Spring turkey hunters hoping to bag a tom during the first two weeks of the season have until Friday, Jan. 26, to apply for a lottery permit. The season runs from April 18 to May 31 and is divided into six hunt periods, A through F (see table below). Hunt A and B licenses for firearms hunters age 18 and older are limited in availability and assigned via lottery drawing. Turkey lottery applications cost $5 and can be purchased online at mndnr.gov/licenses, by phone at 888-665-4236, or in person from a license agent. Successful applicants will receive a postcard in the mail by mid-February and can purchase their hunting license starting March 1. Firearms licenses for hunts C, D, E and F are not lottery-limited and will be available for purchase over-the-counter beginning March 1. All licensed turkey hunters can participate in Hunt F if they have an unused tag from one of the earlier hunt periods. Archery and youth hunters (under 18) are exempt from the lottery and may purchase a spring turkey license valid during all hunt periods, including hunts A and B. Surplus lottery licenses from hunts A and B, if available, will be sold over-the-counter starting in mid-March. Visit mndnr.gov/hunting/turkey for more information about turkey hunting in Minnesota. 2018 Spring Turkey Hunt Periods
      Hunt A: April 18 – 24
      Hunt B: April 25 – May 1
      Hunt C: May 2 – 8
      Hunt D: May 9 – 15
      Hunt E: May 16-22
      Hunt F: May 23-31 Discuss below - to view set the hook here.
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      Gov. Mark Dayton has proclaimed Jan. 20-28 as Snowmobile Safety Awareness Week in Minnesota. This an opportunity for the Department of Natural Resources, volunteer safety instructors, the Minnesota United Snowmobilers Association (MNUSA) and its 250 member snowmobile clubs to join together to recognize the importance of safe, responsible snowmobiling. “It’s a fun and exciting activity, but snowmobilers should always remember to make safety a top priority,” said Conservation Officer Bruce Lawrence, DNR recreational vehicle coordinator. “They should also always use common sense and keep a clear head when riding.” Here are some other key safety points: Snowmobiling and alcohol don’t mix – don’t drink and ride. Smart riders are safe riders – take a snowmobile safety training course. Always wear a helmet and adequate clothing. When night riding slow down – expect the unexpected. Know before the ride  – always check local trail and ice conditions. Cross with care. Know risks and be prepared – make every trip a round trip. One is the loneliest number – never ride alone. Ride safe, stay on the trail – respect private property. To legally ride a snowmobile in Minnesota, residents born after Dec. 31, 1976 need a valid snowmobile safety certificate. Options for both classroom and online classes can be found at http://www.dnr.state.mn.us/safety/vehicle/snowmobile/index.html People can find Minnesota snowmobiling events and activities on the MNUSA webpage: https://mnsnowmobiler.org/get-involved/mnusa/events. Discuss below - to view set the hook here.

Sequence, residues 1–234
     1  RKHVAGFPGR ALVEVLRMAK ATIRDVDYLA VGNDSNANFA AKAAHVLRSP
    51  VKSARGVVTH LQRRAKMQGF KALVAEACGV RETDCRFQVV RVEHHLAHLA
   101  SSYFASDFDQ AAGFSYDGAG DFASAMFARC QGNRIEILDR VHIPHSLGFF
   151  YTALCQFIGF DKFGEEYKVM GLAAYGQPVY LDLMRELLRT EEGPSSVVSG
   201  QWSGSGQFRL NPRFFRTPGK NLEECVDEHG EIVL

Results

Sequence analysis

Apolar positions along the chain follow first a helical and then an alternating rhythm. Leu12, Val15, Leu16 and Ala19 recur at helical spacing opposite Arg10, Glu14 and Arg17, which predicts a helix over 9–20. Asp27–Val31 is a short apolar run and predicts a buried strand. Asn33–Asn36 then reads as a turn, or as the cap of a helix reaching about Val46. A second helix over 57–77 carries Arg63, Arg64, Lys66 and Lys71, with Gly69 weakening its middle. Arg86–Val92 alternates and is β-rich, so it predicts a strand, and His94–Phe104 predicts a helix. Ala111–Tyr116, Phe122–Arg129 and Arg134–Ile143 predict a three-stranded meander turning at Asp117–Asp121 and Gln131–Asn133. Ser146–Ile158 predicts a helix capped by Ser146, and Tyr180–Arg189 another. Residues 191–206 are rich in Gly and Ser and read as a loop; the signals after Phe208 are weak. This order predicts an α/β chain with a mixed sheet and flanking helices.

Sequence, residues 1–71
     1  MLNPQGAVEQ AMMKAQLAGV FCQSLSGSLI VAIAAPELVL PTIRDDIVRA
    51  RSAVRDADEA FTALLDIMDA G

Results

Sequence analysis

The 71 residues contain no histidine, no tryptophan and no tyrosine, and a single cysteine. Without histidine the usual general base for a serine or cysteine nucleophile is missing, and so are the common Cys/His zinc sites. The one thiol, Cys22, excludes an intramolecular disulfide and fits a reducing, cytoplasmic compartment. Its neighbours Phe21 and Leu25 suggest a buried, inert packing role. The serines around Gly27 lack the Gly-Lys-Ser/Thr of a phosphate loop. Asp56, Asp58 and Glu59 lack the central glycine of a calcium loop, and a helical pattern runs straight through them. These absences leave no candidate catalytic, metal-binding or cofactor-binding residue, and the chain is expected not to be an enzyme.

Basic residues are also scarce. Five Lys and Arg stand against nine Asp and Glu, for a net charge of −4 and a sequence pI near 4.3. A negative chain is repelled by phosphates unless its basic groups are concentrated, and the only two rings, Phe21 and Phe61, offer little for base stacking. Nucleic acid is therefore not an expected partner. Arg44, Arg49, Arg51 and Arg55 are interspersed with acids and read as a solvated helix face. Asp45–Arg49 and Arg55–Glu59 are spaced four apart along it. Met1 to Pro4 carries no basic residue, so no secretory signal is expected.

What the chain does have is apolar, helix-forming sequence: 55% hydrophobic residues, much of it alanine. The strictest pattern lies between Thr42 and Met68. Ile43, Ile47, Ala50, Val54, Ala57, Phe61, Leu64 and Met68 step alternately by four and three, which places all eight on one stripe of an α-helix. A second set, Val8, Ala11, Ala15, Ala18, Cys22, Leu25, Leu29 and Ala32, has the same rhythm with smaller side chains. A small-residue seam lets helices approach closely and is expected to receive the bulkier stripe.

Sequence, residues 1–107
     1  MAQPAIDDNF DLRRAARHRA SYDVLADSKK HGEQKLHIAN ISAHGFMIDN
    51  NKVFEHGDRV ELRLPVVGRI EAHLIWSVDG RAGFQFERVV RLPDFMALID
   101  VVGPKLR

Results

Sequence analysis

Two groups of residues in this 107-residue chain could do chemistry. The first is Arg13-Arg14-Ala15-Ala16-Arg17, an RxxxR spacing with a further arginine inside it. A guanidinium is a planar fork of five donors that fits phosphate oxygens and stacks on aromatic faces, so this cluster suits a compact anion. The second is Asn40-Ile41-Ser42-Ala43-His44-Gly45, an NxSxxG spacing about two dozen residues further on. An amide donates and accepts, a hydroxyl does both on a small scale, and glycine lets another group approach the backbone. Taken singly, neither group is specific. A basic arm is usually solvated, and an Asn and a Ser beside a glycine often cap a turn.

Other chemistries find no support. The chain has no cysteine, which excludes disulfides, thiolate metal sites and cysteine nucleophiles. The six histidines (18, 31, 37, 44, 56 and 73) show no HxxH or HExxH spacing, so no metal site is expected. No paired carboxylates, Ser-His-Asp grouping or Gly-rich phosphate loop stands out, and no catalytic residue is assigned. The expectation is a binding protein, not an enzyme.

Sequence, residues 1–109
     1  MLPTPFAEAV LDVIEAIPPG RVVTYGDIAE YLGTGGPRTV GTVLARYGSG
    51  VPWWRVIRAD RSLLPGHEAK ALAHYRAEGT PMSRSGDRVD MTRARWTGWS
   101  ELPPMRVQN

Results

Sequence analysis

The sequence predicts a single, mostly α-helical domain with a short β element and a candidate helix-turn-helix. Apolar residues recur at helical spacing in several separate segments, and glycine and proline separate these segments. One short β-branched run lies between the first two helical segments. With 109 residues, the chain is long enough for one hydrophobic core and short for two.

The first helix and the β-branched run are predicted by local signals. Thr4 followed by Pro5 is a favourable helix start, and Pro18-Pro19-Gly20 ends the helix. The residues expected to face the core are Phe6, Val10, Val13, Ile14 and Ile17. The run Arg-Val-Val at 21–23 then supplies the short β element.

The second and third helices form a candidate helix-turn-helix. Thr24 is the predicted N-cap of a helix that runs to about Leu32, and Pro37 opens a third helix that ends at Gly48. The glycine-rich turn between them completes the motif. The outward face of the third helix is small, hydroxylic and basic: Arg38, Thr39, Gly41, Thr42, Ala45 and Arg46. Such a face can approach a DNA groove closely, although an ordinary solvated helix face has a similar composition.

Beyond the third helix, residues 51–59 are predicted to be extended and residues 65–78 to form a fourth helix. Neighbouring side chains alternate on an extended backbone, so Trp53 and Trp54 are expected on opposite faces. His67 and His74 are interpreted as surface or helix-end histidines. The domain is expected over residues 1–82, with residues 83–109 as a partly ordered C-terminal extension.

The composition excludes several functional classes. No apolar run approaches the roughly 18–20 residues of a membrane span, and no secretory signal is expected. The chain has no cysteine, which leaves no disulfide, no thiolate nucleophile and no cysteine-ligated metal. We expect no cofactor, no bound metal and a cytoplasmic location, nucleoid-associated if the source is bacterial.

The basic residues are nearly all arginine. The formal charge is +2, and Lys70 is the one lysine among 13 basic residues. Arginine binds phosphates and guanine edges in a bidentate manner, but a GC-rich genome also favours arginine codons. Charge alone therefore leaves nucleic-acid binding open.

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      Thanks Rick! Jeff hope to make it always a good time and laughs when you get a group of great people together. I usally do more jaw jacking  then fishing at these things but for me its just as much fun 
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      I will donate a few goodies. I will send it to @Tom Sawyer if he messages me his address.
    • IceHawk
      Lol! Smurfy  Its not as easy to identify areas like the old days the ice towns in Mertens bay and in front of Steils old house on cedar island aren't there like years of past but she's still the same chain that you grew up on. And IMO better than when we wee younger.